creative routine

Give Yourself the Gift of a Creative Routine

Routines. Ugh. How boring? Author Vilayat Inayat Khan once said “The human spirit lives on creativity and dies in conformity and routine.”

He says your spirit dies. That’s horrific. That’s what we bring to the table.

But here’s the thing: we need routines. They can aid in your creativity and productivity (sorry, Vilayat). Sure, if we were all creating on our own, living without clients, deadlines, laundry, bills, social gatherings, errands, our minds would flourish…and we wouldn’t have jobs.

But we do have creative responsibilities in the form of clients, partners or internal obligations (thank goodness), deadlines, laundry, bills, friends and to do lists that span the gamuts of work, personal obligations and fun (What? You don’t have a fun to do list?).

With all of these to-dos, it’s all too easy for those other things to creep into creative time – so in an over scheduled, jam packed world, it’s time to create a creative routine.

Step 1: Know Thyself.

As a creative, you are your own instrument. Anyone can grab a pen and paper to scribble down some words, or grab some stock photography and download InDesign.

Set yourself up for success by knowing when you work the best.

For example, I know if I have a mounting list of things to do around the house, it’s worth waking up a smidge early to start laundry and order dog food to mentally check it off the list. If I let it linger, I start thinking “…what else am I missing?” and a few quick items turns into a laundry list of things, including many that don’t matter. Yes, I know my grandma’s birthday is in 3 weeks. No, I don’t need to get her a card right now.

I also know I’m not great at concepting first thing in the morning, so I save that time for things that take more “in the box” brain power like social posts or SEO work. By 11 am, my creative juices are flowing, the coffee has hit and I know I can transition to becoming more of an idea generator.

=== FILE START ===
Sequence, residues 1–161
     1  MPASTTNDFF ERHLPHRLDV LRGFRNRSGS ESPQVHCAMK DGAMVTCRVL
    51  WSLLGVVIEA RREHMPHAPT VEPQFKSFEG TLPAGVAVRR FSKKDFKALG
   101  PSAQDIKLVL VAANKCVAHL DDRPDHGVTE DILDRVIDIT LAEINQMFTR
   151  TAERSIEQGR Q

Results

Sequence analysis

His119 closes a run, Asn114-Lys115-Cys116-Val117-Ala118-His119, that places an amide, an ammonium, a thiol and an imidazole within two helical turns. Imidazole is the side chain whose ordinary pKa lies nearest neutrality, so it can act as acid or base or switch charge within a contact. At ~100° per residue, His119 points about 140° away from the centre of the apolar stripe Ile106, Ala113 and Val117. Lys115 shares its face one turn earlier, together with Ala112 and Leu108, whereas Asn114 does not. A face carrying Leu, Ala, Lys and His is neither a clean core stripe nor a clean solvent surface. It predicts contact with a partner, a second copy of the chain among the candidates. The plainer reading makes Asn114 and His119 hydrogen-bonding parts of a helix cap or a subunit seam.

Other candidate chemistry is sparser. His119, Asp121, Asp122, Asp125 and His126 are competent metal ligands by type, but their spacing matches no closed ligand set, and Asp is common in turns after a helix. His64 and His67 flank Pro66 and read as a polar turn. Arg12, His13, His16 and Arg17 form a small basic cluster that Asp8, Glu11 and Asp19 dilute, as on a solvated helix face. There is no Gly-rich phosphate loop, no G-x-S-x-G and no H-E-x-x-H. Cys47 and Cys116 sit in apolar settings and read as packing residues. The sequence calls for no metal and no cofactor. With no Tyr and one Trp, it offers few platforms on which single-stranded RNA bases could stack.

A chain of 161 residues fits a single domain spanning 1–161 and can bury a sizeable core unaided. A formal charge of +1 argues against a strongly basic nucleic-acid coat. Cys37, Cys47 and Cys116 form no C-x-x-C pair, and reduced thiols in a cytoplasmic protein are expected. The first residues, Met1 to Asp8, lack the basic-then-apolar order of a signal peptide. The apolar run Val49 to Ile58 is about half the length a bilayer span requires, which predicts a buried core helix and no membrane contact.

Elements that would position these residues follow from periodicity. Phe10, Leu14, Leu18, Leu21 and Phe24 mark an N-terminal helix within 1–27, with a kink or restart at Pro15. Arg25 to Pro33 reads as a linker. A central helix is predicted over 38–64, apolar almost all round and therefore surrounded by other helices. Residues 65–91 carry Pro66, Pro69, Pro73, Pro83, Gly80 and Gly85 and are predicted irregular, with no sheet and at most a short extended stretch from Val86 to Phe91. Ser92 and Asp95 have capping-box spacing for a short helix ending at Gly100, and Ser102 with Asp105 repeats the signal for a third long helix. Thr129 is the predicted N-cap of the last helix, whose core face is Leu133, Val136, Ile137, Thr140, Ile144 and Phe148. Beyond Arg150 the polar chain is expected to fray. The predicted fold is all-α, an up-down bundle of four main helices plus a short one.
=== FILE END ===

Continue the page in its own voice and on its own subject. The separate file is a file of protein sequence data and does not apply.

Step 2: Time Blocking.

Once you’ve honed your creative flow, start blocking time. New to time blocking? I literally mean putting meetings with yourself on your calendar to ensure no one else takes it. You can also mute Slack or your choice of messaging apps (just give your team a heads up first).

Maybe you have your best creative rush first thing in the morning and like to end your day with more administrative tasks – or maybe you’re at a bicoastal so you can use the time difference to your advantage. By knowing how you, and your team flow, you can make space for creative time to be sacred.

And by setting aside time to do the work, you can also set aside time to do all those other things. The incomparable Ron Swanson once said “you can’t half ass two things, whole ass one thing.” So create when you’re trying to create. Don’t try to make vet appointments, or catch up on the news.

Not only does time blocking allow you to plan better, which also allows the team to plan more effectively, but it allows you to be more efficient in what you’re doing.

Step 3: Say No.

Time blocking only works if you say no when your coworkers (and the rest of your life) try to interfere. The moment that dam is breached, even just that one time, you open yourself up to an onslaught of meetings. It’s staying true to your word. This is important work, and you need the time and the space to do it well.

Of course it’s not a perfect system. But it helps. In an industry where you are your own product, it is worth mastering yourself to master your craft, not only for your longevity, but for your clients and partners.

Step 4: Break the Habit.

Fast forward a few months: you’re killing it with the time blocking, you’re now your project manager’s favorite and your co-workers respect your creative boundaries. The moment you find yourself getting bored with this routine, switch it up. Work someplace new, look at different sites for source material, or take a stroll. Don’t let routine become a rut.



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